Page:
As an antidote to the current virus, Broadstairs author Richard Lewis recalls a sparkling childhood drink, or ‘pop’, called Corona.
Produced in Wales where he grew up in the 1950s, it was not only popular there but was ‘exported’ to many parts of England, including Thanet. Some readers may remember getting it at Whitnalls and Charlie Coombes in Margate or at the Cabin café in St Peters.
Here Richard recalls the Corona he knew in Wales where, like the milk, it was brought to the door. If any reader has a memory of this happier Corona, drop a line to him via his website: www.richardlewisbooks.co.uk
Yes, I remember Corona, the name. The lorry that rolled clanking and rattling along our pot-holed road, heaving to a halt at our gates. Out jumped the Corona man in his cloth jacket, quick to unbolt the hinged side-flap that held the pop in place. Expertly he slid out a crate, hoisting it on his shoulder with one hand and opening our gates with the other before crunching up the gravel drive to our door. We had already seen him through the window, but waited for his manful pull on the bell before opening.
‘Any pop for you today?’ he would ask with a twinkle that seemed to come from the lively liquid itself, knowing we would never refuse. Like asking children if they wanted sweets.
‘Four bottles, Mr Davies. The usual,’ my mother would say and smile.
Then he would put down the crate on the door mat, extract three bottles of red pop and one of dark brown and put them inside the door.
‘Go and get the empties,’ she’d say to me, and off I’d run to collect the empty bottles so we could get the money back and he could put them in the newly vacant holes in his crate.
A purse was shaken, he was paid and with a touch of his cap he’d wish us a good day, look forward to the next time and crunch back to his lorry to head off for some more trade up the road.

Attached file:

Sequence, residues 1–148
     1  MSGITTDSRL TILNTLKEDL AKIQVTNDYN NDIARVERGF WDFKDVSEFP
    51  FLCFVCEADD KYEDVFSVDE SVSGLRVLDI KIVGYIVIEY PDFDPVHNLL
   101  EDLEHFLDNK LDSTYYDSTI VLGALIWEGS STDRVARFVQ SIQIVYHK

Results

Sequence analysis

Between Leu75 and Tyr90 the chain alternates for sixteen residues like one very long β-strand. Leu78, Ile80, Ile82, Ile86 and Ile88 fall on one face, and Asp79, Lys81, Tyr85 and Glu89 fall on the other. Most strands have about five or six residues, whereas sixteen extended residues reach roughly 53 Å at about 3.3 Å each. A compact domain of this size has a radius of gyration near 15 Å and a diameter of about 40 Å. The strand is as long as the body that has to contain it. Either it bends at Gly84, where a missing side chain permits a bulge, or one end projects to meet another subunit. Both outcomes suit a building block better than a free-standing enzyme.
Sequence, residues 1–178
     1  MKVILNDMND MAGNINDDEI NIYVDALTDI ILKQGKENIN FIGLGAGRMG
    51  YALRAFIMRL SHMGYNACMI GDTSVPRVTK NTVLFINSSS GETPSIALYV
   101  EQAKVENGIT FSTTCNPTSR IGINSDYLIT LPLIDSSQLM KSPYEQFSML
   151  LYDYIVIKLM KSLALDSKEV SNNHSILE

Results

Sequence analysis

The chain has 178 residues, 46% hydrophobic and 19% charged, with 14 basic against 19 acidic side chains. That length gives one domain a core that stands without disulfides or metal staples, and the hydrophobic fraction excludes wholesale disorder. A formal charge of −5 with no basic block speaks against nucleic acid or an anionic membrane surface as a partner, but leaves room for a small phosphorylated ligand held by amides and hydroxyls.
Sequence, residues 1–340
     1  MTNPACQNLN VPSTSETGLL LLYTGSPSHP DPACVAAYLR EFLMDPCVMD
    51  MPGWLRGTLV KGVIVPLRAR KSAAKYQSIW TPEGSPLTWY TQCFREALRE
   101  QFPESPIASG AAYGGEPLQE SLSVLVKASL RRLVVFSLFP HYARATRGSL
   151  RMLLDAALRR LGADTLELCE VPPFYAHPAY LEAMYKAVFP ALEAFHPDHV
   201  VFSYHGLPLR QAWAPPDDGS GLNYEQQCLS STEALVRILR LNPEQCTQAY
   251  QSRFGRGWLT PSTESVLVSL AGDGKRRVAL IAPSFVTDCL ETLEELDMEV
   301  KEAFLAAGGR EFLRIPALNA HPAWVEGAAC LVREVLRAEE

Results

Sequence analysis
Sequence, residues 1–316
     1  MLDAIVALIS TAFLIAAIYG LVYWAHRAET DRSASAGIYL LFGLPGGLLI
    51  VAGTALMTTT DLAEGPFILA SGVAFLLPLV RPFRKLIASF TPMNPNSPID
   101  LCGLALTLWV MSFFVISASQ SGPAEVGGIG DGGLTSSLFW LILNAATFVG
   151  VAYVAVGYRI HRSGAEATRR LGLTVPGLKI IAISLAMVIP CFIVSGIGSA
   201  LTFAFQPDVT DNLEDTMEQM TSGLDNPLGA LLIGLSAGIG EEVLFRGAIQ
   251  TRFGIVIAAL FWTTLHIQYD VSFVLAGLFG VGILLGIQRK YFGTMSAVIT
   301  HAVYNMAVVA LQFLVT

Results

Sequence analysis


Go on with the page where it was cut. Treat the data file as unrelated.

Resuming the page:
Now we could carry in the replenished prize of bright drink and place the bottles on the cool floor of the larder. It wasn’t long before we poured the first glass. It required strong fingers to open the bottle. Corona had no screw top; instead a swivelling wire clamp held a stopper with a red rubber seal tight in the top of the bottle.
You had to push the clamp forward and up with your thumbs while holding the shoulder of the bottle with your fingers. Then when you’d poured your glassful you performed the action in reverse to keep the gas in.
Corona pop was by its very nature violently coloured and full of sparkle. The favourite was the red. A vivid vermilion, it was of indeterminate flavour; it might have been cherry or raspberry or strawberry, it didn’t matter. The importance was the long, cool and tingling sensation you got as you drank it, allied to colour. Not that you could drink it fast. The gas saw to that.
It had to be taken slowly so you could really get the beauty of it. The only variation was dandelion and burdock, the fourth bottle. Something of a token, it was a more recherché taste, not without merit, and pleasant enough to warrant its inclusion in our order. Certainly it provided a fitting foil to the explosive red. But it always remained something of a minority requirement. It brought to mind the thick burdock leaves we had in the more unkempt part of the garden and which we used to rub on nettle stings. A slightly unfortunate association. And then there were the dandelions that bedevilled our lawn. Not an untrammelled draught, but undeniably refreshing for all that.
The upwardly mobile competitor to Corona was the more expensive, better class Tizer. If Corona matched our Vauxhall Wyvern, then Tizer was a Mark Vll Jaguar. If truth were told we preferred and aspired to Tizer, but there was no delivery to our remote, far-flung house. It could only be bought from a better kind of shop in the village well over a mile away, a shop whose facade was graced with a great enamelled sign for ‘Tizer the Appetizer’, almost a Warhol prefiguration.
Tizer was a decidedly health-giving shade of red, ruddy with a glitter of gold, and had a more uplifting taste. The bottle itself was as shapely as a woman in full bloom. Not the thick glass throat of the Corona bottle, or the unimaginative straight-down-the-sides. The Tizer bottle had curves and a more sensual neck. No metal clamp either for a stopper. Tizer had a black threaded and smoothly rounded top that could be effortlessly twisted to open and close.
But even if Tizer wasn’t for us in our rural fastness, still we were happy with Corona. It did after all have a regal ring to it. We embraced it. And still today, riven by virus, I remember with pleasure the sound of that name.